SINGAPORE (Bloomberg) - Oil rose above $34/bbl, following a prediction from Russia that the market may rebalance as early as next month due to historic output cuts from global producers.
Russia, a key member of the OPEC+ alliance that has pledged to trim supply by almost 10 million barrels a day, expects the market to balance in June or July. Energy Minister Alexander Novak said global output curbs have so far exceeded those agreed by the coalition. Futures in New York were 2.5% higher from Friday’s close after there was no settlement Monday due to a holiday.
Oil has surged more than 80% this month as demand returned following the easing of lockdown restrictions in some countries, while output cuts have started to chip away at the oversupply. The International Energy Agency sees oil consumption eventually rebounding past pre-virus levels, even as some argue that the coronavirus outbreak will fundamentally shift patterns of consumption.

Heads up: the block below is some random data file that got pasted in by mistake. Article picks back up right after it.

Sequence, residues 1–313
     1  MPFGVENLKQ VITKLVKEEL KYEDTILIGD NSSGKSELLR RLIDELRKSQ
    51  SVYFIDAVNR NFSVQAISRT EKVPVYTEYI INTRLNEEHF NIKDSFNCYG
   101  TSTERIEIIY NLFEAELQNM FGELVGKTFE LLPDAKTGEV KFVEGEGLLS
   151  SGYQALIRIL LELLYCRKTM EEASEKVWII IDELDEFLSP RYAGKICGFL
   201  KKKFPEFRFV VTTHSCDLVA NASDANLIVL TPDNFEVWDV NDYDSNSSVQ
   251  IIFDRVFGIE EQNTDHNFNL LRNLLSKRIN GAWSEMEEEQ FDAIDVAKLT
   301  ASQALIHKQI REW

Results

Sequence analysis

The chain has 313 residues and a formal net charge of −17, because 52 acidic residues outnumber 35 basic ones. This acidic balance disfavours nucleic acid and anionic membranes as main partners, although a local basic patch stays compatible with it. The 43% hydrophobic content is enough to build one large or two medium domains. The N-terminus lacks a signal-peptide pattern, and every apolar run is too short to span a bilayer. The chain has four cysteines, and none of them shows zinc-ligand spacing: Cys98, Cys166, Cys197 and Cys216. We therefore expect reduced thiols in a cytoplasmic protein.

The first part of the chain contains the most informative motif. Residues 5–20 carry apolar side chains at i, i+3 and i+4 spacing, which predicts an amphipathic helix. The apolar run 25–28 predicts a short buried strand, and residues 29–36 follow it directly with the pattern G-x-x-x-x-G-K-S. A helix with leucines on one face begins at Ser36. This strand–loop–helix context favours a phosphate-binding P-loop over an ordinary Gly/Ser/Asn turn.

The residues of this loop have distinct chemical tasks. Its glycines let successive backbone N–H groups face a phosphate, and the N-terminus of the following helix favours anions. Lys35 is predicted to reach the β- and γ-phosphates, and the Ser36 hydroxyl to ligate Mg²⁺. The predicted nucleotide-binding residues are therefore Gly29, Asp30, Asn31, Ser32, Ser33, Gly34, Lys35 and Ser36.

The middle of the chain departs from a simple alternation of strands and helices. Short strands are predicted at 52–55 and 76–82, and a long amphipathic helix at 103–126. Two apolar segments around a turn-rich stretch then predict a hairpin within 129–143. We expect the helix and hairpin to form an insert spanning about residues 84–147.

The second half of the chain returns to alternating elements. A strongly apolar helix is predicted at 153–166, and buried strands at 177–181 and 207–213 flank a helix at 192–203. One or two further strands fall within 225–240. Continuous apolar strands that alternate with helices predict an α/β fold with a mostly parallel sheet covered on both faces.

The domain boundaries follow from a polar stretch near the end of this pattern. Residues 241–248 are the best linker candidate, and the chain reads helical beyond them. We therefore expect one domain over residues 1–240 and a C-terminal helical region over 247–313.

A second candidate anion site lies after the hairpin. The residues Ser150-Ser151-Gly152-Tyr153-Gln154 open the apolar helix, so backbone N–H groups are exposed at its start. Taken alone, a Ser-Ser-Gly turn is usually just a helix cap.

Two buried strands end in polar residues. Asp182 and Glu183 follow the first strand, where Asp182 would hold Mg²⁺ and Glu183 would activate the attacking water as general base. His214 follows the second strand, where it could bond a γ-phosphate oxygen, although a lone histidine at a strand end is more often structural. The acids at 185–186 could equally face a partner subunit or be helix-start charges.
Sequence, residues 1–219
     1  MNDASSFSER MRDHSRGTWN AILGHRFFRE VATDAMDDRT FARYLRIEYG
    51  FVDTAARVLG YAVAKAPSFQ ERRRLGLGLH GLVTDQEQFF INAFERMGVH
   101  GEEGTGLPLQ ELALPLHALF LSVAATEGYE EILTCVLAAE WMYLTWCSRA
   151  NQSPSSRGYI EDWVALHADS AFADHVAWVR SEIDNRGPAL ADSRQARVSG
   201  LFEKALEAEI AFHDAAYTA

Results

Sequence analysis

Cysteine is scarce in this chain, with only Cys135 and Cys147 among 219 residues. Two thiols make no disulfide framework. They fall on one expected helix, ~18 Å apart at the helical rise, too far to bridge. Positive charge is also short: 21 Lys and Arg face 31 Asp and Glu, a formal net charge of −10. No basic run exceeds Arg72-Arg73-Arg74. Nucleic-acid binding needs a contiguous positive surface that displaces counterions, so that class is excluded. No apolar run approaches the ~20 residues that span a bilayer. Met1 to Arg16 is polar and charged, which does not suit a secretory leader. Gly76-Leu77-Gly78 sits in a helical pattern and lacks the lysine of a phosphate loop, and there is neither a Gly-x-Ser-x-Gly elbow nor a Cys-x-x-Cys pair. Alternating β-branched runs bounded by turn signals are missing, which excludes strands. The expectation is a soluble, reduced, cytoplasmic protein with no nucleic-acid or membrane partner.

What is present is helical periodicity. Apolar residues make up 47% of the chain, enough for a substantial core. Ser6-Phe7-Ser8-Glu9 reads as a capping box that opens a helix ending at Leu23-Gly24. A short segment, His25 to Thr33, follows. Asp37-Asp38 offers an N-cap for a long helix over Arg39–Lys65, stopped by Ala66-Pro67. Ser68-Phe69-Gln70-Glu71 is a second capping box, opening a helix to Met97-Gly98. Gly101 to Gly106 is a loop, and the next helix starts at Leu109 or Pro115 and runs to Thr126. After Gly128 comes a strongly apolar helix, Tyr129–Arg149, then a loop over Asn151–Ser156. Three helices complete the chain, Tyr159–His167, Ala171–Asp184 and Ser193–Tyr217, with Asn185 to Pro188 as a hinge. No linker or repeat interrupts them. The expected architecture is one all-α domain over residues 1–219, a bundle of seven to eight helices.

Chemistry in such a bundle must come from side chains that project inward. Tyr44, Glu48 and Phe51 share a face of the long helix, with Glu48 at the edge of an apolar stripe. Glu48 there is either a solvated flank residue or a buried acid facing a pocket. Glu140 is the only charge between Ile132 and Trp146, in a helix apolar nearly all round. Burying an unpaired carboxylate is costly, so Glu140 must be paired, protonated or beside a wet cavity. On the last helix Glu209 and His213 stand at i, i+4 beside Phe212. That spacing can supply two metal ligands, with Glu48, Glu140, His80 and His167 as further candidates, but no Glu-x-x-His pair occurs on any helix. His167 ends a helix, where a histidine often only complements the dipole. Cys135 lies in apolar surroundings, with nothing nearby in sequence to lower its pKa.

“Global supply is still heading lower while demand is rising,” said Bjarne Schieldrop, chief commodities analyst at SEB AB. “This all lays the ground for higher prices down the road.”
• West Texas Intermediate crude for July delivery rose $0.84 from Friday to $34.09 a barrel as of 10:26 a.m. London time
• Brent for July settlement added 1.8% to $36.17 a barrel
Nigeria, which has been stuck with millions of barrels of unsold crude in recent weeks, lifted the selling price for its supplies in June from record lows. Though smaller than in previous months, the discounts remain at unprecedentedly steep levels by historical standards, a reminder of the pockets of oversupply in the market.
Around the world, producers have slashed global production by 14 million to 15 million barrels a day so far, Russia’s Novak said on Monday. The nation sees the current global surplus at 7 million to 12 million barrels a day, according to a report from RIA Novosti.
Though producers are slashing output and demand is recovering, there are ongoing signs of the damage the virus has wrought to the industry. Both refineries in the Philippines have now been shut as a result of weak fuel demand, according to their operators.